Zelenskyy calls Russia’s mobilization a ‘criminal’ step

On Sunday, Ukrainian President Volodymyr Zelensky again called on Russians not to submit to “criminal mobilization”, amid protests over Moscow’s call to arms.

“The more the citizens of the Russian Federation will at least try to protect their own lives, the sooner this criminal war of Russia against the Ukrainian people will end,” the Ukrainian leader said in his evening speech.

Zelenskyy said the situation is “catastrophic” in Crimea where Russia is using the mobilization to carry out a “genocidal policy”, with the army’s appeals mainly directed at the Crimean Tatars.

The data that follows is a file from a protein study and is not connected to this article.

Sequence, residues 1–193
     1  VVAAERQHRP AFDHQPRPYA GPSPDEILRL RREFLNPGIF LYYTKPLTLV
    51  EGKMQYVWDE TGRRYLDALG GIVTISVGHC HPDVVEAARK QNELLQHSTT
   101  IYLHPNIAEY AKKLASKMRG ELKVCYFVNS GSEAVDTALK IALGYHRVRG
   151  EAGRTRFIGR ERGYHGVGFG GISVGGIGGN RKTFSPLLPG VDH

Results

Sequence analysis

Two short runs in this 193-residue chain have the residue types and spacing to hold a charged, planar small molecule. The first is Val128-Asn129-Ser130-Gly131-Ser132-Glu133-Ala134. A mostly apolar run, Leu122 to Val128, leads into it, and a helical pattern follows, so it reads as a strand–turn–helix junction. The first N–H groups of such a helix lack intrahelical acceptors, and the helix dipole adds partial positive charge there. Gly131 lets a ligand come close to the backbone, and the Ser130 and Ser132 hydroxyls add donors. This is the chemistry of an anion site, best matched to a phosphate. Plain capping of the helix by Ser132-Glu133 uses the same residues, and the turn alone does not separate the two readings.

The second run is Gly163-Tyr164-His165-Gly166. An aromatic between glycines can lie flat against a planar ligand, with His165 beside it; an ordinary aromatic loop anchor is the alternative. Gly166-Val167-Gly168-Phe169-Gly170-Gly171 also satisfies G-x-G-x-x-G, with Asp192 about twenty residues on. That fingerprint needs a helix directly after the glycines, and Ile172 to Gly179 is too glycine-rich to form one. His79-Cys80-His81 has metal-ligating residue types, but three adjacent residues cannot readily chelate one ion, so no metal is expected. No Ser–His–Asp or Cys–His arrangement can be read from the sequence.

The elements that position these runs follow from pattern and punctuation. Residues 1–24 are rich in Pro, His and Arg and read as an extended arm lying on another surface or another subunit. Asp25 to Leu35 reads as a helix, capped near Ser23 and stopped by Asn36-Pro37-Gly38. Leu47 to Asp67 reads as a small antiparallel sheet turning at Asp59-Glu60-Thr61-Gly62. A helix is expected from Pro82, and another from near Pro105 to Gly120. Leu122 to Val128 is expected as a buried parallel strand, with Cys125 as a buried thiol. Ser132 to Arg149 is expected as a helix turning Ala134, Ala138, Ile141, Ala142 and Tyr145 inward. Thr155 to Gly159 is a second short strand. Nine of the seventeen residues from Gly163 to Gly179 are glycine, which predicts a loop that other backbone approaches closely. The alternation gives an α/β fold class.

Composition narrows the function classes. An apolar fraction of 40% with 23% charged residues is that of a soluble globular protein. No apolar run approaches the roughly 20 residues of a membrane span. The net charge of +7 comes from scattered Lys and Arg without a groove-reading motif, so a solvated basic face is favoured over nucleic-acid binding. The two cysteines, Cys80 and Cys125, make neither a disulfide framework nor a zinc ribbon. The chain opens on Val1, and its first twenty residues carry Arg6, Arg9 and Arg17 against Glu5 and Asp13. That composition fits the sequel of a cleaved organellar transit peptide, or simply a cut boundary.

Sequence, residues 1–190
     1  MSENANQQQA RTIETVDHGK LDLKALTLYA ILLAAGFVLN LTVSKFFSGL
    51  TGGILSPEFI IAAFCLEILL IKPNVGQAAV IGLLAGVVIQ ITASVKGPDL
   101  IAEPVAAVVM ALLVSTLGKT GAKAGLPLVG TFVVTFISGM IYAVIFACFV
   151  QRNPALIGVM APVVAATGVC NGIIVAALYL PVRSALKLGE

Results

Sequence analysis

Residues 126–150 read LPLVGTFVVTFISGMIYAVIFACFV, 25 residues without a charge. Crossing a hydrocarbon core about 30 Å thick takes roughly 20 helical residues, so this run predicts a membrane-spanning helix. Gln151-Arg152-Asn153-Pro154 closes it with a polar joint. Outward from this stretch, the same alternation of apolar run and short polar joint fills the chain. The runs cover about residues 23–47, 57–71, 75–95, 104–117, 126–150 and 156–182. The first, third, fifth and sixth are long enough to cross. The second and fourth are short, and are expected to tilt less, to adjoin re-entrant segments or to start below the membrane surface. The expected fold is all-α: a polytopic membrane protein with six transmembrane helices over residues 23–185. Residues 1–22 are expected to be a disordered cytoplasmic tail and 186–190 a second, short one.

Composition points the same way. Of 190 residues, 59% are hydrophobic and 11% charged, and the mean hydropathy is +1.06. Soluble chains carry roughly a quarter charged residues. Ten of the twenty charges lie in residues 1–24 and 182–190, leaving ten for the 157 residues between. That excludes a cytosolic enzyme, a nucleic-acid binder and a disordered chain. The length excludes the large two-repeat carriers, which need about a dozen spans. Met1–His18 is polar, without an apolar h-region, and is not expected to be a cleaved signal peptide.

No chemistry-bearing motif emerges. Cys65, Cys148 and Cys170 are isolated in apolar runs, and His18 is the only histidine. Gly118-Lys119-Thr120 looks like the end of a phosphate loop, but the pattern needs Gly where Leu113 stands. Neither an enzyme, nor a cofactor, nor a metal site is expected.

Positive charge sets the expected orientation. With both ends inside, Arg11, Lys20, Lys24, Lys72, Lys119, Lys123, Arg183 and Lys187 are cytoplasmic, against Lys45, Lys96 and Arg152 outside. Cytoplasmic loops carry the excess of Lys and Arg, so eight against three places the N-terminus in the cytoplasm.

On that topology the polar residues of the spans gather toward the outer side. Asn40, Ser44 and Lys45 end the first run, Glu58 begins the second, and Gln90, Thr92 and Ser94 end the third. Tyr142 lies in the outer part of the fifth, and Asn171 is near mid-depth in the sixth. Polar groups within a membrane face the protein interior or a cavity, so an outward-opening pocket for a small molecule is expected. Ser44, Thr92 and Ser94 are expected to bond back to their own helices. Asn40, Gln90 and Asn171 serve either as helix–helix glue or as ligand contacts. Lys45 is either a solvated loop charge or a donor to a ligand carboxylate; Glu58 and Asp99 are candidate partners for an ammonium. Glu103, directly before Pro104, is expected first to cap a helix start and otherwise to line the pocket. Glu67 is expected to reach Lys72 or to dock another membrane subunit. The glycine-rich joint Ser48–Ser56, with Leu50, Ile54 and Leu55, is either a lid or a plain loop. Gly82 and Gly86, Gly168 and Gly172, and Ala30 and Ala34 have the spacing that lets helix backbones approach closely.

Work is underway in Ukraine to exchange prisoners with Russia, he added.

Zelenskyy earlier on Sunday described the Russian mobilization – his first call since World War II – as a signal of weakness, not strength.

Although the European Union is now largely off-limits to most Russians, with direct flights halted and its land borders increasingly closed, an exodus of Russian men fleeing military service is creating divisions among European officials over the whether they should be provided with a safe haven.

The partial mobilization also sparks protests in Russia, with further anti-war demonstrations on Sunday.

In Dagestan, one of Russia’s poorest regions in the North Caucasus, police fired warning shots in an attempt to disperse more than 100 people who blocked a highway as they protested the military call for the Russian President Vladimir Putin, Russian media reported.

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Christi C. Elwood